Three foods that promote a healthy gut

It is a very trendy topic and more studies are coming out linking it to everything from mental happiness to the glow of your skin – we’re talking about gut health. Basically, it is all about the good and bad bacteria that lives in your digestive tract. We used to think that the sole purpose of this ecosystem was to break down food and absorb the nutrients, but it has now been linked to improving one’s metabolism, risk of cancer, inflammation, skin and mental happiness.

Take a look at 3 easy-to-find foods that you can eat to promote a healthy gut.

  1. Fibre:

While Fibre is not a probiotic, it is good food source that feeds the probiotics (good bacteria). Studies show that most of us eat insufficient amounts of fibre. The recommended daily allowance is 30 grams, and there is no problem with exceeding that.

Fibre also help prevents constipation and illness of the gut such as inflammation of the intestine and colon cancer.

High fibre foods include:

  1. Grains and legumes: A great way to add more fibre and flavour variety into your food is move to whole wheat pasta, brown rice and to add items like barley or lentils to your rice or stir fries.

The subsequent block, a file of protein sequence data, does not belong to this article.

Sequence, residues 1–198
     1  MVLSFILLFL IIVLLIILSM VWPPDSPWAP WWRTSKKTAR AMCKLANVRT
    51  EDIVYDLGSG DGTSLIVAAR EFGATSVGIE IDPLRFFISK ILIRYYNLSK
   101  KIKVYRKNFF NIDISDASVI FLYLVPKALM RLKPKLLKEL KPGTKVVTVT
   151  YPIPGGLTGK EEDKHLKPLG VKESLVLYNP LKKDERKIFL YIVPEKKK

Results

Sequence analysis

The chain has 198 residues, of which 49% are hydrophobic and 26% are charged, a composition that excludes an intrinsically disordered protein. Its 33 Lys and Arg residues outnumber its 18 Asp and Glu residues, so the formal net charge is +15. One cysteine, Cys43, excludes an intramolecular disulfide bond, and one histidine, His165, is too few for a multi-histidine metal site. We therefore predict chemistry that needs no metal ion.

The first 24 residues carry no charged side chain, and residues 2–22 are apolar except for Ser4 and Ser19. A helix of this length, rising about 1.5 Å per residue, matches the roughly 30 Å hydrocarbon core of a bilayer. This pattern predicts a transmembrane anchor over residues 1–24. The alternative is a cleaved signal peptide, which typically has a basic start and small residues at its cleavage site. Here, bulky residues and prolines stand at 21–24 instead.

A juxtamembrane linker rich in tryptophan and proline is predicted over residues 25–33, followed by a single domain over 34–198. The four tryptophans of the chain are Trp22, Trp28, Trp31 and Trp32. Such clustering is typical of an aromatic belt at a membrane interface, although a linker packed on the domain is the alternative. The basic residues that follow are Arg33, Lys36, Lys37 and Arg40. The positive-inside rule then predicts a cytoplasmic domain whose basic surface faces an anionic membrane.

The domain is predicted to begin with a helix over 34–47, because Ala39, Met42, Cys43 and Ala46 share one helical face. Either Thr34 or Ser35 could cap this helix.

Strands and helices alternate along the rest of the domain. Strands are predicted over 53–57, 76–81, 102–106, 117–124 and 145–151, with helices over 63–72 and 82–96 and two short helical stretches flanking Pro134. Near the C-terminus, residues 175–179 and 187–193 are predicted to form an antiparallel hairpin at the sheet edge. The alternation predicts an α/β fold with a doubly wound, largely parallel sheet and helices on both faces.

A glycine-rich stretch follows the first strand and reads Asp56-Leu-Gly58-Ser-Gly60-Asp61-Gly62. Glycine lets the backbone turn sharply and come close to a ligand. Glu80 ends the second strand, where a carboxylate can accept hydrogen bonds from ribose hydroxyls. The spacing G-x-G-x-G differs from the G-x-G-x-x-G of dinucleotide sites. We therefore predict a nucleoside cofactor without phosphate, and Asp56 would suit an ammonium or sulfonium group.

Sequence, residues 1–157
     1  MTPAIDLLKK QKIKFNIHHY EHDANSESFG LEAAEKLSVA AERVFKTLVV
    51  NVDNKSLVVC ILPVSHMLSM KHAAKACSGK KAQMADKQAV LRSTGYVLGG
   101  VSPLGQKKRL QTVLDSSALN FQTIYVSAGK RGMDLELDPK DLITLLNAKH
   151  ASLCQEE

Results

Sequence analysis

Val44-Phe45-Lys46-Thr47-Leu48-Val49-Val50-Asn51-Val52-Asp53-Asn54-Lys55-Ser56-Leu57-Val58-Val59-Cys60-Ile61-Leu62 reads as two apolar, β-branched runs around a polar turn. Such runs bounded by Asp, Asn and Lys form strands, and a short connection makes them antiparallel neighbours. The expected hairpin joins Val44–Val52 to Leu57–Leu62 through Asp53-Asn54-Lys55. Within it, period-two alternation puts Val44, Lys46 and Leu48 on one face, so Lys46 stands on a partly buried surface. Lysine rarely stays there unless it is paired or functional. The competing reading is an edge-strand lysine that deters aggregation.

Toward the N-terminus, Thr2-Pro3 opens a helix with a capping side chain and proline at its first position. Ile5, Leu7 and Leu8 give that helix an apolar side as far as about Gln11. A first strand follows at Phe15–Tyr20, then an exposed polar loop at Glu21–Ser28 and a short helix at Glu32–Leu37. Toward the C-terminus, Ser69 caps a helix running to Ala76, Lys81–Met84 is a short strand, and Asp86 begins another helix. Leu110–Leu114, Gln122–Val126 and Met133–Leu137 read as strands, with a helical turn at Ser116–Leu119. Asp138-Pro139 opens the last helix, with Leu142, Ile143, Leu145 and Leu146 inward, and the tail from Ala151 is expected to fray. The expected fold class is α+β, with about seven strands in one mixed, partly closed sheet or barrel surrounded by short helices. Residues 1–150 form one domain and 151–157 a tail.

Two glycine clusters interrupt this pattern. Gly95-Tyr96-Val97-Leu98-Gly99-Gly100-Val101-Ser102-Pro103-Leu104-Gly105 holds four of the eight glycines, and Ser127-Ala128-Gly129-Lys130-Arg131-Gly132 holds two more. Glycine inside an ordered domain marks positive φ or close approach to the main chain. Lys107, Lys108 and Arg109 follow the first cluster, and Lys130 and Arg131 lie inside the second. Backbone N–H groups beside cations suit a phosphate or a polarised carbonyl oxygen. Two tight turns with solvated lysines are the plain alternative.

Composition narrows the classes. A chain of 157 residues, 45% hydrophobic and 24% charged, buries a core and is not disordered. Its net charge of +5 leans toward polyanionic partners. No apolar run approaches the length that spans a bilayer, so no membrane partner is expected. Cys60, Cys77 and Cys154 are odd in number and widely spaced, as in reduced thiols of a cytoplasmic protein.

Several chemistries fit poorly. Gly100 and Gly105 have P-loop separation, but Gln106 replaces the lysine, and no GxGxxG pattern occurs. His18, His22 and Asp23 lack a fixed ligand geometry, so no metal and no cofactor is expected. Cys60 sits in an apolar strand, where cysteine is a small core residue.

2. Peas and beans: Add the right flavours and beans can be delicious! Think Mexican flavours like cumin and coriander to spice it up.
  3. Potatoes with the skin. Baked potatoes or oven-baked wedges.
  4. Fresh vegetables -especially broccoli and cabbage

     2. Fermented foods:

Fermented foods  introduce good bacteria into your gut leave no space for the bad kinds of bacteria to flourish. We are getting less and less of these live cultures as we now have such easy access to fresh veg, refrigerators and refined foods. In days gone by, people would use fermentation as a means of preserving food. Fermentation actually adds extra nutrients to the ingredients!

Maas and yoghurt are the best examples of foods filled with live cultures. Fermentation lives on in foods such as Sauerkraut, the more widely-known German fermented cabbage and the more recent, and very trendy Kimchi, a Japanese version of Sauerkraut with a spicy kick. Kombucha, a fermented fruity, fizzy tea drink is also an easy and fun way to drink in your probiotics.

The great news is that cabbage is an all year round very affordable vegetable. Find some recipes on our site to make them in your own home, or look out for the Food Lover’s branded Sauerkraut or locally brewed Kombucha on our shelves.

  1. More plants

Many experts such as Michael Pollan and NY Times Jane Brody try and keep it simply by summing it up to: Eat more plants.

To learn more: Take a look at this article from Monique Piderit – a leading South African dietary expert on Gut Health.

Related Posts